Had Nintendo been more forward-thinking though, they might have seen that Tomodachi Life has the potential to attract a more global audience, and that a cultural disconnect was inevitable. It often takes courage to look past short-term goals and take a longer view. Even if it was only meant to be a "whimsical" take on life, Tomodachi Life had a real opportunity to say something about one of the issues of our time. As Christian Nutt eloquently explained over at Gamasutra, it the chance to say that gay and lesbian relationships aren't just some abstract concept or a joke. They are real.
But as I said, Nintendo can at least take some comfort in knowing that they aren't alone. This is an industry-wide issue -- especially in the social gaming space -- and it's certainly not limited to just Japan. We've moved ahead in fits and starts over the years; but for every Sims or Skyrim, we have a Lord of the Rings Online that retreats behind canon to avoid touching what remains a hot-button subject.
For now, I suppose I'm just sad to say that I don't really have any interest in playing Tomodachi Life. It's tough for me to personally connect with a game that not only limits itself to heterosexual marriage, but makes it a requirement to unlock certain content. I suppose I don't really see the whimsy in all that, at least not for myself. I can take solace, at least, in the fact that there now seems to be a dialog around the issue, and that this may serve as a wake-up call for both Nintendo and the industry at large.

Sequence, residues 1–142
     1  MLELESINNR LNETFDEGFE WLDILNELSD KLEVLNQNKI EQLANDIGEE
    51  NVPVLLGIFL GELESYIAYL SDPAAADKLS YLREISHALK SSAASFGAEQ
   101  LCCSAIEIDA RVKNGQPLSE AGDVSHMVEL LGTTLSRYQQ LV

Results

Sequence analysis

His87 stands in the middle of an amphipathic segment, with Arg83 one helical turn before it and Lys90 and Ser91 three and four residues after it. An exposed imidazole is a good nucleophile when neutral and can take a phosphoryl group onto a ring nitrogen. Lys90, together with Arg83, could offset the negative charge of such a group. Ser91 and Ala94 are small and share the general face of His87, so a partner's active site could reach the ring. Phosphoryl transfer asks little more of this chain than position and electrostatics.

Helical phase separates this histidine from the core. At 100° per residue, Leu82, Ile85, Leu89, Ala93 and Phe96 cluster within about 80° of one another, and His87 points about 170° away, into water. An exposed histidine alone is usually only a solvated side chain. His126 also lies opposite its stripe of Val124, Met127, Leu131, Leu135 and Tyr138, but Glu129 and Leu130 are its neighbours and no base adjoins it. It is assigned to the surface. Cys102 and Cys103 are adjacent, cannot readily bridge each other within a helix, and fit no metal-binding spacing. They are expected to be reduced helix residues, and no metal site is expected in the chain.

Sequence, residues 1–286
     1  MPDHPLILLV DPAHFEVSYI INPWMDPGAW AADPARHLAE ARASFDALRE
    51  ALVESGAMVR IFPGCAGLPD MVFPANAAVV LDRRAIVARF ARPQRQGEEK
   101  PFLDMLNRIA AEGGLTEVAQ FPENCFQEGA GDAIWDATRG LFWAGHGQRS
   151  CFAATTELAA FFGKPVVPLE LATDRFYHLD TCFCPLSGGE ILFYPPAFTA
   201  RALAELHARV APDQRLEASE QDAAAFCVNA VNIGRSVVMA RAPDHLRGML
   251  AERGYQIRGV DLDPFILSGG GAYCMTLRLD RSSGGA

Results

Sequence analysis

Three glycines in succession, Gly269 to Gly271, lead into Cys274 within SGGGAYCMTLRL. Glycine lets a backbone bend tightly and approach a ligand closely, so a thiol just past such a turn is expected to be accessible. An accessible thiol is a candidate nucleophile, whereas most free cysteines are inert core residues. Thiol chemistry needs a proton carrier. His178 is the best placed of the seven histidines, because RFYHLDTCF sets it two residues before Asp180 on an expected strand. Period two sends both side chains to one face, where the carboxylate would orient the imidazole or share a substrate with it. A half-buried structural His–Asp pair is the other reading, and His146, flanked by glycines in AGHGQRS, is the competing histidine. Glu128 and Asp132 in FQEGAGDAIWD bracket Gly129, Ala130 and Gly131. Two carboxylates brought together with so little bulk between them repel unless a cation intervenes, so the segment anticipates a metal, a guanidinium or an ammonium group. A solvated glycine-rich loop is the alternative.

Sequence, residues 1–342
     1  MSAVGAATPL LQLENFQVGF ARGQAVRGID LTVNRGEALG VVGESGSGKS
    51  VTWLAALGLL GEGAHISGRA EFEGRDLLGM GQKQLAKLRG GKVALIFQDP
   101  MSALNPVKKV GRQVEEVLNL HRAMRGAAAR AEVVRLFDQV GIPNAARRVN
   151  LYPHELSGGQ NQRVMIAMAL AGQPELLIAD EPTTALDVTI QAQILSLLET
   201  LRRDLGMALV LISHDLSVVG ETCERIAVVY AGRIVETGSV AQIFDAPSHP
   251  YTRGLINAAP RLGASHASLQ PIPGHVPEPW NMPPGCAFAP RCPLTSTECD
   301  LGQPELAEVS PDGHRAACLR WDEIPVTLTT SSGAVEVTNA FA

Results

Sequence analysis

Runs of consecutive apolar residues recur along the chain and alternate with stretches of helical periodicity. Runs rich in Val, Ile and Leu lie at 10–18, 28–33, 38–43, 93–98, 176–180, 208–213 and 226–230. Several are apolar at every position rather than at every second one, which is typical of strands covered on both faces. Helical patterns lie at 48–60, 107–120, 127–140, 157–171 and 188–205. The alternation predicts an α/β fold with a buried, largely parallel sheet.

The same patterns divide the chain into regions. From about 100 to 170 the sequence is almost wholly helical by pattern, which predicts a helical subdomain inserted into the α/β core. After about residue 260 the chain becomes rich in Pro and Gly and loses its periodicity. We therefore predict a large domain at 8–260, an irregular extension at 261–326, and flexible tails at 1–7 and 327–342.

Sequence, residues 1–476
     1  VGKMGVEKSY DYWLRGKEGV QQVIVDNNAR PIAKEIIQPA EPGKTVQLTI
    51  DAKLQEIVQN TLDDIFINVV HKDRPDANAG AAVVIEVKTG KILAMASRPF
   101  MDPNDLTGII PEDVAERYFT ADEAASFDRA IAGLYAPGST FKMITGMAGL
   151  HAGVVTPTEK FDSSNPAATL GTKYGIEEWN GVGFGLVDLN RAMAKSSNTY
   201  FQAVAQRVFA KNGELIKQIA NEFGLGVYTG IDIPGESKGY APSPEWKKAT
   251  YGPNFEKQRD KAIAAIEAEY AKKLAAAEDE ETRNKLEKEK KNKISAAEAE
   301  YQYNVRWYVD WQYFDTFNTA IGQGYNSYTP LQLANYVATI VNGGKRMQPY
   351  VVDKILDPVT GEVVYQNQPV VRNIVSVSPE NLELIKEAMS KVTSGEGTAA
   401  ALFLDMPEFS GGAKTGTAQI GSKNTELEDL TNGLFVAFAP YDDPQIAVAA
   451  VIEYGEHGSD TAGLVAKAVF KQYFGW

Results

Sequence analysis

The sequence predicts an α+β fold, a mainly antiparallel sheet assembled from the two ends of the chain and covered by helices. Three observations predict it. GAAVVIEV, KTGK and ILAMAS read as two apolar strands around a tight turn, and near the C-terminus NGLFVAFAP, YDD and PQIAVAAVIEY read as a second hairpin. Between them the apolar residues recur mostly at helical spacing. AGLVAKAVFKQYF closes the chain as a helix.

Indeed, Nintendo seems to have posted a mea culpa and an apology: "We apologize for disappointing many people by failing to include same-sex relationships in Tomodachi Life. Unfortunately, it is not possible for us to change this game's design, and such a significant development change can't be accomplished with a post-ship patch. At Nintendo, dedication has always meant going beyond the games to promote a sense of community, and to share a spirit of fun and joy. We are committed to advancing our longtime company values of fun and entertainment for everyone. We pledge that if we create a next installment in the Tomodachi series, we will strive to design a game-play experience from the ground up that is more inclusive, and better represents all players."
Even in Japan, where the wall of silence persists, things have gotten better. As my contact in localization rightly points out, Japanese media has given rise to stories like Thomas no Shinzo (Heart of Thomas) -- a soulful story of unrequited love between men.
"They're still flawed, in part I think because the developers making those attempts don't have any real-life experience or LGBT friends to draw on, but I suppose it's good that they're trying," he says. "Still waiting for the day when they really get it right, though."